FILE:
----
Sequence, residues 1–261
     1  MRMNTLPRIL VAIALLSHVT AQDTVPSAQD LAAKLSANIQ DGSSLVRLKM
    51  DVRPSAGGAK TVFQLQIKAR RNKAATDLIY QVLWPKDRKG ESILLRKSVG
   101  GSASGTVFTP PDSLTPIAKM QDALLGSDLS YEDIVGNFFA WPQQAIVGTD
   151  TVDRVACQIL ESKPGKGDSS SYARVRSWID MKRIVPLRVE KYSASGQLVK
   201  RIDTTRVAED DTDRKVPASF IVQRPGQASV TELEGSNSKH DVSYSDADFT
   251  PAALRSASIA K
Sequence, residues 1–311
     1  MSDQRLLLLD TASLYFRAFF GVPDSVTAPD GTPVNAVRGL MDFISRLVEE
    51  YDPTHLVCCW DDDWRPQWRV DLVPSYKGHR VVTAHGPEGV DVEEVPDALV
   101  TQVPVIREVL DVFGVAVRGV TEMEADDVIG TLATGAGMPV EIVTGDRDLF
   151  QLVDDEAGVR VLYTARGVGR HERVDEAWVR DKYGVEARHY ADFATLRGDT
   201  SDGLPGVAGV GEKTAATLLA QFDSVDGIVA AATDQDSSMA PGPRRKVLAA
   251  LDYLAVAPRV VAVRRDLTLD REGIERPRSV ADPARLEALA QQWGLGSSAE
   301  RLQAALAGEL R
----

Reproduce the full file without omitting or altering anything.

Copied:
Sequence, residues 1–261
     1  MRMNTLPRIL VAIALLSHVT AQDTVPSAQD LAAKLSANIQ DGSSLVRLKM
    51  DVRPSAGGAK TVFQLQIKAR RNKAATDLIY QVLWPKDRKG ESILLRKSVG
   101  GSASGTVFTP PDSLTPIAKM QDALLGSDLS YEDIVGNFFA WPQQAIVGTD
   151  TVDRVACQIL ESKPGKGDSS SYARVRSWID MKRIVPLRVE KYSASGQLVK
   201  RIDTTRVAED DTDRKVPASF IVQRPGQASV TELEGSNSKH DVSYSDADFT
   251  PAALRSASIA K
Sequence, residues 1–311
     1  MSDQRLLLLD TASLYFRAFF GVPDSVTAPD GTPVNAVRGL MDFISRLVEE
    51  YDPTHLVCCW DDDWRPQWRV DLVPSYKGHR VVTAHGPEGV DVEEVPDALV
   101  TQVPVIREVL DVFGVAVRGV TEMEADDVIG TLATGAGMPV EIVTGDRDLF
   151  QLVDDEAGVR VLYTARGVGR HERVDEAWVR DKYGVEARHY ADFATLRGDT
   201  SDGLPGVAGV GEKTAATLLA QFDSVDGIVA AATDQDSSMA PGPRRKVLAA
   251  LDYLAVAPRV VAVRRDLTLD REGIERPRSV ADPARLEALA QQWGLGSSAE
   301  RLQAALAGEL R